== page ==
Knowledge Representation: Logical, Philosophical, and Computational Foundations

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Brooks/Cole, 2000 - Computers - 594 pages
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John Sowa integrates logic, philosophy, linguistics, and computer science into this study of knowledge and its various models and implementations. His definitive new book shows how techniques of artificial intelligence, database design, and object-oriented programming help make knowledge explicit in a form that computer systems can use. The first three chapters are devoted to logic, ontology, and computable models of reality. Remaining chapters apply theories to the analysis of problems stated in ordinary language, and their translation to computable form. The text is self-contained, with each new idea defined when first mentioned; all formalism is developed in the body of the text or summarized in an appendix. Knowledge Representation is appropriate for advanced undergraduate and graduate students in computer science, as well as philosophy and linguistics students with some background in artificial intelligence or programming.

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Review: Knowledge Representation: Logical, Philosophical, and Computational Foundations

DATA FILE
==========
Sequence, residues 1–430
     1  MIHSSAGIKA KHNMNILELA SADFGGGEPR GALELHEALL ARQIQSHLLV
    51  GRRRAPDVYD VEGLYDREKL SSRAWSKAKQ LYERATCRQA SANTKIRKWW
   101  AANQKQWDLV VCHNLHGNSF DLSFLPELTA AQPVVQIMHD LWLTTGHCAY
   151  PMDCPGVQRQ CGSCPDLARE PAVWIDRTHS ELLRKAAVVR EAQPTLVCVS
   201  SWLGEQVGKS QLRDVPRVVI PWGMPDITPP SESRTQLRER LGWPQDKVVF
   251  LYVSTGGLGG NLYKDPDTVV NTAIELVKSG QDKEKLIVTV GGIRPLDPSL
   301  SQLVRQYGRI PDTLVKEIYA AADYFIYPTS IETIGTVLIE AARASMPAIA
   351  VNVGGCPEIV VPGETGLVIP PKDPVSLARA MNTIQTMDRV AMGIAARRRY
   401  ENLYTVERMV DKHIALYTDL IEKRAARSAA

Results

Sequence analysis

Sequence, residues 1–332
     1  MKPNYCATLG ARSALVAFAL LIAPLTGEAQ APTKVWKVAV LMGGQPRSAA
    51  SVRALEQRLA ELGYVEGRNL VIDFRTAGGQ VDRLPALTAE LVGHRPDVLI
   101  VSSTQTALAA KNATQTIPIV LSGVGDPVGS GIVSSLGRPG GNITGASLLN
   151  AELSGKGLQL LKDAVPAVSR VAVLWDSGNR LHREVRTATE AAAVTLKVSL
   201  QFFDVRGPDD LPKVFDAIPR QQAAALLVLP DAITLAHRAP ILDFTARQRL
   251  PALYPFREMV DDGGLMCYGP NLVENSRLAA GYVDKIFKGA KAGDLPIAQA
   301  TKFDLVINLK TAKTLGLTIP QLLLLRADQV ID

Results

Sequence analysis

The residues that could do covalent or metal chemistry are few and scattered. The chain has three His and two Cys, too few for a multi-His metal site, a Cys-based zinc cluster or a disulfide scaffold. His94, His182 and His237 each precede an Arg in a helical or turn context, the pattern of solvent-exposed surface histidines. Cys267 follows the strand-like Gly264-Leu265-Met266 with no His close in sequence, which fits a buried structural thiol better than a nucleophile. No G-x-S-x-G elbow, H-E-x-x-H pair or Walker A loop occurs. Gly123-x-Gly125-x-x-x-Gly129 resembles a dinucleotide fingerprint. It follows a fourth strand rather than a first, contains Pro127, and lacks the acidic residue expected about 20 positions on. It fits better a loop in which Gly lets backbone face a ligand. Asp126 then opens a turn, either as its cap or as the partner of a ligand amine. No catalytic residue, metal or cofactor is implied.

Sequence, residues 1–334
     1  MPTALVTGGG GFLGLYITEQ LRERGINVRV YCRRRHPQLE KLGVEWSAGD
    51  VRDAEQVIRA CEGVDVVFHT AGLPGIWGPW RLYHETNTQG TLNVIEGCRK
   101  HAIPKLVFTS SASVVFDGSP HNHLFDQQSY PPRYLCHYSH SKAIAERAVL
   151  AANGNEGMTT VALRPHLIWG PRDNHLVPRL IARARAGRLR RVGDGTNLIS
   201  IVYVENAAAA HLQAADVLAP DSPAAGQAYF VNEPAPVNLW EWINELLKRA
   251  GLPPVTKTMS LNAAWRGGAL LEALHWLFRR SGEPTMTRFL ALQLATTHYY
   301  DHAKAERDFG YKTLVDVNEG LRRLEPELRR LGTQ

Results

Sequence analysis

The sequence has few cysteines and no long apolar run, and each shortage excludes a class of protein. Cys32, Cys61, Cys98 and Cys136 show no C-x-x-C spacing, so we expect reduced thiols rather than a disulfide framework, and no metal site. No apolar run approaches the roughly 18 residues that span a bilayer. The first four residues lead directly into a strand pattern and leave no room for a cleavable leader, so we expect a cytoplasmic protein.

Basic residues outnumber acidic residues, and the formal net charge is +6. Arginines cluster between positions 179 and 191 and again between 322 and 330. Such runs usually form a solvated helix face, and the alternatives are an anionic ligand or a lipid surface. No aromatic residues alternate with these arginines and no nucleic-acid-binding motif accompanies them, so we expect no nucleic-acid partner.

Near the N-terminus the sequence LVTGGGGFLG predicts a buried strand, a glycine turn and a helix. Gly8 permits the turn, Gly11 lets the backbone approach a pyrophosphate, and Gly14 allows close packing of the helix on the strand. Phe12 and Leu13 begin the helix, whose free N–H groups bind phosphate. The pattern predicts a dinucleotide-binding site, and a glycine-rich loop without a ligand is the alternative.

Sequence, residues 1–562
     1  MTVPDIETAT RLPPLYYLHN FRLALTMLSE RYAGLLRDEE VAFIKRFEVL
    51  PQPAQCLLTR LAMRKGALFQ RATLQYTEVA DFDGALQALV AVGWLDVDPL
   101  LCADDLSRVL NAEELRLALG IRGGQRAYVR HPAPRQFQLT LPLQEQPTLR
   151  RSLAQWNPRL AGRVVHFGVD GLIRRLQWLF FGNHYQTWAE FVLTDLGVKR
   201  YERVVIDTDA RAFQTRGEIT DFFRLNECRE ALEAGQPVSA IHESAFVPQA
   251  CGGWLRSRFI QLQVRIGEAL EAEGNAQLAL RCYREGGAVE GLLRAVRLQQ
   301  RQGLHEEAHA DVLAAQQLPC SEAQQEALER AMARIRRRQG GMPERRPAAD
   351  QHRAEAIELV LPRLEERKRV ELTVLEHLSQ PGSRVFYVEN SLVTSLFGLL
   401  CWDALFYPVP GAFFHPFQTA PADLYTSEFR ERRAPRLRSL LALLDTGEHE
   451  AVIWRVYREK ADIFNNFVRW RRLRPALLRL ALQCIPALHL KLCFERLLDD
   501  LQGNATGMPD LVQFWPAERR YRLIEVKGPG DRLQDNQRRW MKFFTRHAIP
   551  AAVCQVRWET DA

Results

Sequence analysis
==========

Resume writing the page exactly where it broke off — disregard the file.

User Review  - Noah - Goodreads

Great overview of just what it says. This really puts ontology modeling, the semantic web, and reasoning technologies (eg AI) in context. Highly recommended but not for the non-geek or faint of heart. The prepositional logic appendix has a concise overview for review or picking up the syntax. Read full review

Contents

CHAPTER
1
CHAPTER
51
CHAPTER FOUR
206
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About the author (2000)

John Sowa is a Fellow of the American Association for Artificial Intelligence. He earned a bachelor¿s degree in Mathematics from MIT, a master¿s degree in Applied Mathematics from Harvard, and a doctorate in Computer Science from the Vrije Universiteit Brussel. He has published and edited several books and dozens of articles on artificial intelligence and related topics.

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